Cable assemblies are groups of cables or wires that are combined into a single unit. Cable assemblies can transmit power or data signals.
Cables can be shielded or unshielded. Shielding is usually accomplished through the use of copper tape, a covering of conducting polymer, or a copper and aluminum braid. Shielding may be foiled, which means that it is applied to individual cable pairs or quads. It may also be screened, which means that the shielding covers the entire group of cables.
Unshielded cables offer the following advantages:
- Easy to install
- Easy to maintain
Shielded cables are thicker and more sensitive to work with, but they offer some important advantages over unshielded cables:
- Cancel out electromagnetic radiation
- Reduce electrical noise
- Good for industrial installations where nearby equipment may cause electromagnetic interference (EMI)
Electromagnetic interference is a disturbance that may be created by natural or man-made sources. These sources may include motors, generators, air conditioners, smartphones, weather (including sun, storms, etc.) These disturbances may result in surges of electricity or voltage that cause a circuit to under-function or to stop functioning altogether. If you’re transmitting data, the data may come through incorrectly or not at all as a result of these disturbances.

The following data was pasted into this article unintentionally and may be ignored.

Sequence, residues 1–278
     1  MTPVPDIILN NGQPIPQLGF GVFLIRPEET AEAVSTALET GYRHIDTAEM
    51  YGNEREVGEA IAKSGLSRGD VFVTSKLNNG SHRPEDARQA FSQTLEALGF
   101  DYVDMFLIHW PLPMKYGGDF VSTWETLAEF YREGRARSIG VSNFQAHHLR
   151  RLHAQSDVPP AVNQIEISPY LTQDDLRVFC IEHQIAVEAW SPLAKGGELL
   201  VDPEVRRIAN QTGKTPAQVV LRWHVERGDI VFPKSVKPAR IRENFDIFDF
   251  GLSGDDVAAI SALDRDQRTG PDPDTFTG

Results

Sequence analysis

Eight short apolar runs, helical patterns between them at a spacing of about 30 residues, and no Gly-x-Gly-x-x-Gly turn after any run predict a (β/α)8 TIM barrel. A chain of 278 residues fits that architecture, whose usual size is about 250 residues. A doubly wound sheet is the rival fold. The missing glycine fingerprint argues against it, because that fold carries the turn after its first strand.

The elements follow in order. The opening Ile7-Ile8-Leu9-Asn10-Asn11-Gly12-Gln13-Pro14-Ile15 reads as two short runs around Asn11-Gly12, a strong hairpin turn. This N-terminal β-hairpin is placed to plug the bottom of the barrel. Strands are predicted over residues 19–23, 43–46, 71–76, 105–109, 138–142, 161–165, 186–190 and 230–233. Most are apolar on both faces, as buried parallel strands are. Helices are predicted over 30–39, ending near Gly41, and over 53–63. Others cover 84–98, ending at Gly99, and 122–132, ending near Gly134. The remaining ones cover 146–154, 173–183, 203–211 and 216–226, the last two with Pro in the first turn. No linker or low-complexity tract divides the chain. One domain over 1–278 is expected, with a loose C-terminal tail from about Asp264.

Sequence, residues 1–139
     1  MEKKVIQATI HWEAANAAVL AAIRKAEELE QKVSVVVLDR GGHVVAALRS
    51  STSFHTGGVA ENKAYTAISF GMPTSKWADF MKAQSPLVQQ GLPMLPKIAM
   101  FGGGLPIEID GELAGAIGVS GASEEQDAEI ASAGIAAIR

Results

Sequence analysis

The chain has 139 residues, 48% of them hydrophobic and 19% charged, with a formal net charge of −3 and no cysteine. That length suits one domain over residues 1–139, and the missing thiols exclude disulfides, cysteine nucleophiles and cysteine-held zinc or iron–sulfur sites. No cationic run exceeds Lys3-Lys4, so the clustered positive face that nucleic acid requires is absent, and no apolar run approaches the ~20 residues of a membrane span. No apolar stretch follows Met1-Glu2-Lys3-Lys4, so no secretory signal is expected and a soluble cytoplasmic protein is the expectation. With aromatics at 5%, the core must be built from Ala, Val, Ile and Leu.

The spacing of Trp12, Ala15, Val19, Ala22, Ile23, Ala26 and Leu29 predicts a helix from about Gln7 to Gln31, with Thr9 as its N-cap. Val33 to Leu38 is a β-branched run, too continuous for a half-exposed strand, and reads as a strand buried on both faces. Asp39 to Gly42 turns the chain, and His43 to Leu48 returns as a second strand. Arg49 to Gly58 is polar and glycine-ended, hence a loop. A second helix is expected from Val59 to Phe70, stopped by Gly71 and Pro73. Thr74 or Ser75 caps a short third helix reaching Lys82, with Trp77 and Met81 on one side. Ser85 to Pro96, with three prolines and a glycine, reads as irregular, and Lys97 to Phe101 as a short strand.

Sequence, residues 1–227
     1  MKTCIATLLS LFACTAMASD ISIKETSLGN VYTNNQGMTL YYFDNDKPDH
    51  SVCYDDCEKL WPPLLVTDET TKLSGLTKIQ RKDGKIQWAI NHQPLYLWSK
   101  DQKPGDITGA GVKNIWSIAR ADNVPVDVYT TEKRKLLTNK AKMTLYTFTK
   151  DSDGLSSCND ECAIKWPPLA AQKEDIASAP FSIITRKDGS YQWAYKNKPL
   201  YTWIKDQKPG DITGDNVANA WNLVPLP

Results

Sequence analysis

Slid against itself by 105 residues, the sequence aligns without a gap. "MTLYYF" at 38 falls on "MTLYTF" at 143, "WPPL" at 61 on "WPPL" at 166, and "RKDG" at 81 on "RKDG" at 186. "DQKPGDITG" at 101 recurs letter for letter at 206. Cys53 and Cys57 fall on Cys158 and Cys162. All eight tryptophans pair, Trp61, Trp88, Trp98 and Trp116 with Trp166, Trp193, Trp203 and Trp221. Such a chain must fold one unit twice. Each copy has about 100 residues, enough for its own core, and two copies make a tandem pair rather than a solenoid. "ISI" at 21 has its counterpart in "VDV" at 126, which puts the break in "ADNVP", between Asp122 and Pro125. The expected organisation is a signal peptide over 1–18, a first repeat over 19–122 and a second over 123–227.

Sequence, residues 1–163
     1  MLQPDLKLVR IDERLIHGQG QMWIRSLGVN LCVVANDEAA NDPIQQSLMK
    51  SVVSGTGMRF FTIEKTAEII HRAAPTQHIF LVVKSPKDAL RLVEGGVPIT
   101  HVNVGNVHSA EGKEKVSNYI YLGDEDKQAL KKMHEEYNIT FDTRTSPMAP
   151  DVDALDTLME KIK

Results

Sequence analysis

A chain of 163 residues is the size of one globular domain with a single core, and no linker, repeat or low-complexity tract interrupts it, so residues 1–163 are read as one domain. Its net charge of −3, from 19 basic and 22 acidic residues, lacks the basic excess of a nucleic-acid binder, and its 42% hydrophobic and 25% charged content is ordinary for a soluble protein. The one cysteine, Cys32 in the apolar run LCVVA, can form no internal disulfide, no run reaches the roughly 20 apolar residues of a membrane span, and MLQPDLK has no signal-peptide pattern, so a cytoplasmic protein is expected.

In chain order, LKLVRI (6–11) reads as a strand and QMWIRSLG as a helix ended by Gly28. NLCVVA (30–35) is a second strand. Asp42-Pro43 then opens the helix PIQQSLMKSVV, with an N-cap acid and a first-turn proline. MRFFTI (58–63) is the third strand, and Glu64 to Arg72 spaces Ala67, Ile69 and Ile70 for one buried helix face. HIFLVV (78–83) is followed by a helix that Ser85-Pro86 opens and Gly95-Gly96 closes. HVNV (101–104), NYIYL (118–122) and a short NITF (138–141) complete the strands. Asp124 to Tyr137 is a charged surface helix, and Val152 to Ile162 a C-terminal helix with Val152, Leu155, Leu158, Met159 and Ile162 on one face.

When deciding between shielded or unshielded cables for cable assemblies, consider the intended use of the assembly. Take into account where and when the cable will be functioning and how vulnerable it will be to electromagnetic interference.
Note that if you opt for shielded cables, they may include a drain wire to counter EMI. Make sure that they are installed properly with shielded jacks and couplers, however, if you want them to be sufficiently grounded.